Scientists know that the energy released can induce a kind of ripple in a jet stream, a wave that as it travels along can affect weather in disparate regions around the world. And they know that the winds that are generated can add a kick to a jet stream, strengthening it. That’s a major reason California and much of the southern United States tend to be wetter in an El Niño; the winds from convection strengthen the jet stream enough that it reaches California and beyond.
But to study convection during an El Niño, data must be collected from the atmosphere as well as the sea surface. That’s a daunting task, because the convection occurs in one of the most remote areas of the planet. As a result, there has been little actual data on convection during El Niño events, Dole said, and most models, including NOAA’s own, have had to make what amount to educated guesses about the details of the process.
“Our strong suspicion is that our models have major errors in reproducing some of these responses,” he said. “The only way we can tell is by going out and doing observations.”
When forecasters last year began to predict a strong El Niño, the NOAA scientists saw an opportunity and started making plans for a rapid-response program of research.
Dole estimated that it would normally take two or three years to put together a program they assembled in about six months.
In a way, he said, they were helped by the developing El Niño, which suppressed hurricane activity in the Atlantic last fall. The Gulfstream flew fewer missions and the available flight hours, as well as extra dropsondes, were transferred to the project.
In addition to the jet — which is also equipped with Doppler radar to study wind — the program is launching other sondes, from a ship and a small atoll near the Equator. A large remotely piloted aircraft from NASA, the Global Hawk, has also been enlisted to study the Pacific between Hawaii and the mainland.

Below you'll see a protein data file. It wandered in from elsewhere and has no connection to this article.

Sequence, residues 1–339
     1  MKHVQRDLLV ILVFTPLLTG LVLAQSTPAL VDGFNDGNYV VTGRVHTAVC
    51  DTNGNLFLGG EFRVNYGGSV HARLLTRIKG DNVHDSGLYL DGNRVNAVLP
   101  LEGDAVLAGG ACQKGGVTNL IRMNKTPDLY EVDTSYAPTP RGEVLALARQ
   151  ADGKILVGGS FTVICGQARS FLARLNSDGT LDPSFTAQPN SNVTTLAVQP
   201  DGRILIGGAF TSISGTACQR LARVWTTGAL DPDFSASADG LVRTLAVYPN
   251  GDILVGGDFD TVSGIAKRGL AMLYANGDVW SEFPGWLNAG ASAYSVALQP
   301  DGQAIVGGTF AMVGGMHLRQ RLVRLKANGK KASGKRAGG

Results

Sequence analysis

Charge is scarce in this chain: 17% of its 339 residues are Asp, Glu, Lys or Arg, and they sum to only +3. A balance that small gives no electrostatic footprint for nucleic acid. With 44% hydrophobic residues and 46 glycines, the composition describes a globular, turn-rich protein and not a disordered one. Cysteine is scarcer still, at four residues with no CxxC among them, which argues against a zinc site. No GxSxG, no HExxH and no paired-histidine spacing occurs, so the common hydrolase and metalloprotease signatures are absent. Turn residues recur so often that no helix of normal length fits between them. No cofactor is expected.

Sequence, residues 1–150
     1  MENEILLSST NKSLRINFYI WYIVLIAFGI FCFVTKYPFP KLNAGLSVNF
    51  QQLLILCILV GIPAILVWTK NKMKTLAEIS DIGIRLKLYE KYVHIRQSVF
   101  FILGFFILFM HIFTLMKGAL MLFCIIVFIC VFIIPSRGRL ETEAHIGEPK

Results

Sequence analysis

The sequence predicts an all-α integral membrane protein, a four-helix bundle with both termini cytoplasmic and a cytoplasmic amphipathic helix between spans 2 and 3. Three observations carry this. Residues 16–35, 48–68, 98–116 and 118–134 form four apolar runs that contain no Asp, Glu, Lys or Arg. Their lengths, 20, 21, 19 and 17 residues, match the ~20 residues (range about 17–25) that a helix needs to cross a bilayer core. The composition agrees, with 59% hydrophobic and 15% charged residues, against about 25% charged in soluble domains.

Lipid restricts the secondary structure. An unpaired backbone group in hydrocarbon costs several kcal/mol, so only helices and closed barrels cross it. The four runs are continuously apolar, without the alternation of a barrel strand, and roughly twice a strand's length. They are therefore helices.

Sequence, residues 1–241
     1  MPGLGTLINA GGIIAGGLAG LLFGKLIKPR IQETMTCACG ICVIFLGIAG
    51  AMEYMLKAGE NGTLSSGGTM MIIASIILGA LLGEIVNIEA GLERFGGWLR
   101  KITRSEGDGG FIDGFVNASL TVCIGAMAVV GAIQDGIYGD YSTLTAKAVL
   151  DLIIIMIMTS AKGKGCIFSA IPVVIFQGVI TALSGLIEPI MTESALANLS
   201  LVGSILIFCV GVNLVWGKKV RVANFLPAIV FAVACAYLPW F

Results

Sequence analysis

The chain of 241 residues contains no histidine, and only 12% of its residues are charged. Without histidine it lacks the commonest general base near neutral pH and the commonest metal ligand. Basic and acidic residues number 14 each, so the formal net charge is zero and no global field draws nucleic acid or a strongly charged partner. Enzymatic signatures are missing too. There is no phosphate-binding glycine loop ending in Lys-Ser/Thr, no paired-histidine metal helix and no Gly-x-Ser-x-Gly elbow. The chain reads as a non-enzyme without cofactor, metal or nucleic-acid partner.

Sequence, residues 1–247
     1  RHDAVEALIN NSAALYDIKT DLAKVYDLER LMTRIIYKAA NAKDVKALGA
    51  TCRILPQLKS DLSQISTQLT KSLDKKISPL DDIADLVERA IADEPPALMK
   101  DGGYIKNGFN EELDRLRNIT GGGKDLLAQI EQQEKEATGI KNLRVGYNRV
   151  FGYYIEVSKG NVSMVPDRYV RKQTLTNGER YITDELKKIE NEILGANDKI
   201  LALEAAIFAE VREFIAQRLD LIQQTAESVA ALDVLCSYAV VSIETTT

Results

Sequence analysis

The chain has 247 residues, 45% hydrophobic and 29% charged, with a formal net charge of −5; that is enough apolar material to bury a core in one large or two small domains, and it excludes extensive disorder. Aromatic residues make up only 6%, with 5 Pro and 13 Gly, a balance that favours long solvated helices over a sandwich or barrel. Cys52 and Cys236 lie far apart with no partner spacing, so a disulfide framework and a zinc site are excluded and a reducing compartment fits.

The Gulfstream flight Friday was the researchers’ fourth, out of nearly two dozen planned over the next month. The day began at Honolulu International Airport five hours before the 11:30 a.m. takeoff when Ryan Spackman, the other lead investigator, and NOAA colleagues sat down for a weather briefing with Dole and other scientists at the agency’s offices in Boulder, Colorado.
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The original plan was to fly due south from Honolulu and around an area of convection — a “cell” in meteorological terms — near the Equator. But when the plane’s three pilots arrived for their briefing several hours later, the plan was changed out of safety concerns. There was a risk they would have no way to get back from the south side of the convection area without going through a storm, and the Gulfstream, unlike NOAA’s other hurricane-hunting planes, cannot do that.
In the end, scientists and aviators agreed they would fly a long leg along the north fringe of the convection area.
The plan called for 30 dropsondes, and the crew released a few during the long flight down to the convection zone and then picked up the pace as the plane headed west.
A brief whooshing noise was the only indication that a sonde had been released. The cylindrical tubes, which weigh about a pound, are simply sucked out of the plane by the difference in pressure between the cabin and the outside air, and quickly sink when they hit the water about 15 minutes later.
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Data starts streaming in almost immediately once a dropsonde leaves the plane, and is displayed in real time on a few of the several computer screens in the cabin, including the one manned by Richard Henning, the other flight director. Henning, who like Holmes is a meteorologist, makes sure the data is clean — with his practiced eye, he can quickly tell if a sensor has malfunctioned or the sonde has otherwise provided unusable data — before sending it off in several forms, including a condensed format that can be immediately fed into models around the world.
Elsewhere in the cabin, crew members made sure all the plane’s electronics were running properly and monitored the Doppler radar. Holmes, Spackman and the aircraft commander, Ron Moyers, talked from time to time about course changes designed to get closer to the convection to obtain better data.
After 2 1/2 hours of flying west, it was time to turn to the northeast and head back to Honolulu, still three hours away. The pace of work slowed again, with only a few dropsondes left to release.
Henning and Spackman took time to look over some of the dropsonde data. They saw winds coming out of the top of the convective cell and blowing toward the northwest. Earth’s rotation, Spackman said, would make that wind curve to the east, where it would no doubt join up with the Pacific jet stream that was affecting the West Coast.
Spackman seemed pleased despite the change in plans. “We did a lot of good science today,” he said.